Have you ever received a pre-approved credit card or insurance offer? Did you know that these seemingly innocuous pieces of mail can be the key a thief needs to steal your identity?
According to the Federal Trade Commission website, many credit card and insurance companies solicit new customers using criteria based on a credit report (pre-screening). If someone steals your mail, they can fill out the pre-approved application. Then all they need to do is wait for that card to arrive in your mailbox, steal it and start spending.
Register your name and address with OptOutPrescreen.com, the official consumer credit reporting industry website, and you will reduce the amount of junk mail you receive and help protect yourself from identity theft. Opting out doesn’t affect your credit score or your eligibility for credit or insurance.
When you register online with OptOutPrescreen.com. you are opting out for five years. Permanent removal is available but requires submitting a paper form through the mail. You will need to provide the website OptOutPrescreen.com with your home phone number, name, social security number, and date of birth. This information is confidential and will only be used to process your opt out request.
Identity theft is real, but with a little thought and some due diligence there are ways to protect yourself. This free service is a good first step.
The most important factor in protecting your computer from malicious software is not which security package you install, or which browser you use. Far more important than any technical solution is the behavior of the user.
Just like in a big city, different locations present different levels of risk. The dark neighborhood on the wrong side of the tracks is riskier than the well-lit streets of downtown. Similarly, websites or file sharing services that promise free cracked software or adult movies are more likely to contain harmful content than well-known websites run by reputable companies.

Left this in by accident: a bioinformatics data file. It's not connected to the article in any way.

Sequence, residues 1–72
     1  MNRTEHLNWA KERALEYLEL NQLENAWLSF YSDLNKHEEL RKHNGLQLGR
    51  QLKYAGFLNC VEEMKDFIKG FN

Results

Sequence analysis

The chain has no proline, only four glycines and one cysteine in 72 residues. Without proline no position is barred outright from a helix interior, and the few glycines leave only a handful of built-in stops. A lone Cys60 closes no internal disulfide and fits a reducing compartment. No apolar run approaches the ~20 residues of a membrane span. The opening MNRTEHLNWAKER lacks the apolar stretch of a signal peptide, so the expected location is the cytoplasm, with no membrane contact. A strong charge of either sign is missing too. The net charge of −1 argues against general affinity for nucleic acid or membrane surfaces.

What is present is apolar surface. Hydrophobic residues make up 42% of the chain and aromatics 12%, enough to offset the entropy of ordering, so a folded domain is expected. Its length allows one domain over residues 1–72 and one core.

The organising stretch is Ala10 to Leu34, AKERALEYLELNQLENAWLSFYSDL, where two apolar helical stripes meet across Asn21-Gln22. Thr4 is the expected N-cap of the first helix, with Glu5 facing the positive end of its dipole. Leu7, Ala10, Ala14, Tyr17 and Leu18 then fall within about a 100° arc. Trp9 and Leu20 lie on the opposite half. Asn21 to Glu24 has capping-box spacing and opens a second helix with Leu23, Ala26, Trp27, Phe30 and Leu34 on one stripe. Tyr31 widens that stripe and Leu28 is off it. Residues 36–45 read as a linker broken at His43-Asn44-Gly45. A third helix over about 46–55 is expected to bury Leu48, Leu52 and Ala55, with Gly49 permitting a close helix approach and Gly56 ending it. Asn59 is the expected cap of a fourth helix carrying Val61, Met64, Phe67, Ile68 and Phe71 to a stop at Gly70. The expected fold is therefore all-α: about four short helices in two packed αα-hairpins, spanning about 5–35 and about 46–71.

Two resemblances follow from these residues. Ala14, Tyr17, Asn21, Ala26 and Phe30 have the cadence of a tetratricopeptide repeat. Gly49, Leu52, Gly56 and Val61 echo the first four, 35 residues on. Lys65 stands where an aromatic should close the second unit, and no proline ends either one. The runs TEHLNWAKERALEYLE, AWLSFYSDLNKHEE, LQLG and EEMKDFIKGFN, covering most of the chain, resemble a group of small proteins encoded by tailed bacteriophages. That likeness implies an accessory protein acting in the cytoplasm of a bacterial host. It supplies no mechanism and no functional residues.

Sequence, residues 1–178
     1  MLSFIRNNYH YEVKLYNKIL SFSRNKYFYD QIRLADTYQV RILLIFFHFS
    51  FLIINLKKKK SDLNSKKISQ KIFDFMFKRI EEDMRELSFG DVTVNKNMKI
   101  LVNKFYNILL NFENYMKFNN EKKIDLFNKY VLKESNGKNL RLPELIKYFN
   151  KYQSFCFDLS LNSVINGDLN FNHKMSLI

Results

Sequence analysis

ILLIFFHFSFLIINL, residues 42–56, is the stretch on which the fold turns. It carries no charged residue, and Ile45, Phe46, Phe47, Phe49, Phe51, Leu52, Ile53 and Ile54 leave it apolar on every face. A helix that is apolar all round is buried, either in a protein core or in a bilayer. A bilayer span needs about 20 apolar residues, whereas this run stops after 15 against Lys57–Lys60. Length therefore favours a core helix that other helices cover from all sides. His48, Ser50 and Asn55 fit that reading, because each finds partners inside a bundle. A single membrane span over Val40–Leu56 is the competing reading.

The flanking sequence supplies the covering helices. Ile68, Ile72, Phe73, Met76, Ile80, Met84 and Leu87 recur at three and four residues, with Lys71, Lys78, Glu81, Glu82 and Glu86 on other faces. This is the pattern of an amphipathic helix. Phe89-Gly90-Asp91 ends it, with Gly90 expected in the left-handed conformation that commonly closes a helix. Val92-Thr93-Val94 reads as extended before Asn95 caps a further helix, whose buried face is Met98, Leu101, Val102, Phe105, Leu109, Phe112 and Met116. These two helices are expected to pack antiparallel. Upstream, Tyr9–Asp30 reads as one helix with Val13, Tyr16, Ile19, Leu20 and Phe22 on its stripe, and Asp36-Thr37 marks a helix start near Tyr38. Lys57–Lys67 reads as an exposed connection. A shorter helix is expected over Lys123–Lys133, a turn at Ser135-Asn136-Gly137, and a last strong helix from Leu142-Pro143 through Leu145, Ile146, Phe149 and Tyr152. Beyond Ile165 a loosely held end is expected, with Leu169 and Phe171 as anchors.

Being streetwise in a city isn’t just about which streets you choose to walk on, it’s also about how you assess and respond to those you encounter, even in the best neighborhoods. Someone on a street corner selling cheap Rolexes might be offering a great bargain, or they might just be out to rip you off.
The analogy still holds for online threats. A favorite tactic of online thieves is to hitch their threat to the latest hot topic using what’s known as poisoned search results. When the latest royal wedding was in the news, a search for images of Kate Middleton and Prince William included results that required the user to install new software before viewing the pictures. Did someone really invent a new type of image file just for this event? Of course not – the software was a trojan.
How can you tell if the website you’re about to visit is legitimate? The easiest way is to hover your mouse over the link and read your status bar. Make sure the component of the address that comes right before the first single slash matches what the text claims it to be. Then pay close attention to any deal you’re offered. Celebrity pictures or videos in exchange for installing new software? Just walk on by.
None of this means you shouldn’t install security software to help protect yourself. When clients ask I usually recommend a free package, not because they’re better but because the user will never be tempted to let their subscription lapse for the sake of a few dollars. Just don’t forget that the best security software can never provide 100% protection – user behavior is key.